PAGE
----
What are bank holidays?
Bank holidays are days when banks in the UK may close for business. Although they are widely observed throughout non-financial sectors in many parts of the UK, employees are not automatically entitled to a day off or extra pay on a bank holiday. Any such right depends on individual contracts of employment.
Can bank holidays be included in a worker’s statutory leave entitlement?
Yes. The Working Time Regulations 1998 permit the inclusion of bank holidays in a worker’s statutory entitlement to four weeks’ paid annual holiday, although this does not mean that an employer can unilaterally override any express or implied contractual terms to the contrary. The government has, however, indicated that it proposes to extend the right to four weeks’ paid annual holiday ‘by making it additional to bank holiday entitlement’. However, it is unclear whether it intends to introduce a right to paid bank holidays, or simply to remove employers’ ability to include bank holidays within workers’ statutory minimum holiday entitlement.
Are part-time workers entitled to bank holidays?
Under the Part-time Workers (Prevention of Less Favourable Treatment) Regulations 2000, a part-time worker has the right not to be treated less favourably than a comparable full-timer. This includes entitlement to bank holidays.
Where an employer includes bank holidays in the statutory minimum entitlement to holiday under the Working Time Regulations 1998, this is unlikely to cause problems.
However, where full-time workers are entitled to bank holidays in addition to their statutory entitlement to holiday, difficulties may arise. It may be fair to allow part-time workers to take a bank holiday where their day of work coincides with a bank holiday. This is likely to be acceptable where a shift system means that both full-timers and part-timers are equally likely to be rostered to work on a bank holiday. However, where workers work fixed days each week, part-timers could be disadvantaged by such a practice.
As most bank holidays fall on either a Monday or a Friday, those part-timers who never work on these days will be entitled to proportionately fewer days off than full-timers who regularly work on these days.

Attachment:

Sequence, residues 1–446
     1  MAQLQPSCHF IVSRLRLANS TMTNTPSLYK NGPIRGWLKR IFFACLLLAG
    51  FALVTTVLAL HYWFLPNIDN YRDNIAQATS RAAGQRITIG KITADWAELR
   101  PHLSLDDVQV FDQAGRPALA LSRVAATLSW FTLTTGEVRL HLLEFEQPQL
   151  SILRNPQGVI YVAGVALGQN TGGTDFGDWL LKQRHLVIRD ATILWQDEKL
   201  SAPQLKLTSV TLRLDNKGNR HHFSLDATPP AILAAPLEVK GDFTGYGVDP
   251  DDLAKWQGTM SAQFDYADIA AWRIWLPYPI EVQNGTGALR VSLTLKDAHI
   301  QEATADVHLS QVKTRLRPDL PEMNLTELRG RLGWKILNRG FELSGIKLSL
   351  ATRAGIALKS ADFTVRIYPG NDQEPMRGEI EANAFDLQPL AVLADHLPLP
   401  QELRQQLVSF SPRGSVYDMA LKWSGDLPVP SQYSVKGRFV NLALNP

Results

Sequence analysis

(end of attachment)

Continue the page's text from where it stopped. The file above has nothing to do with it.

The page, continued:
In these circumstances, the disadvantage could be removed by giving all part-timers pro-rata entitlement to time off in lieu of bank holidays, according to the number of hours they work.
Are employers required to provide pay or time off in lieu of bank holidays that coincide with maternity leave?
During ordinary maternity leave, employees are entitled to the benefit of all terms and conditions of their employment, except remuneration. This includes all statutory and contractual holiday leave entitlement, which will continue to accrue during this period. During additional maternity leave, entitlement to the four weeks’ statutory paid annual leave continues to accrue, but an employer is free to put terms in place regarding the accrual of contractual leave over and above the statutory minimum.
Following Merino Gmez v Continental Industrias del Caucho SA  IRLR 407 ECJ, in which the European Court of Justice ruled that an employer cannot insist that a woman take her statutory annual leave at the same time as her maternity leave, it seems likely that where bank holidays are included in the four-week statutory minimum of holiday entitlement, an employee will have to be permitted to take holiday in lieu of any bank holidays that fall within their maternity leave.
As the Working Time Regulations 1998 state that there can be pay in lieu of statutory leave only on termination of employment, where bank holidays are included in the four-week statutory minimum of holiday entitlement, staff must be permitted to take the accrued holiday as paid time off.
Employers have the option to pay in lieu of any accrued holiday over and above the statutory minimum, or to permit employees to take paid time off.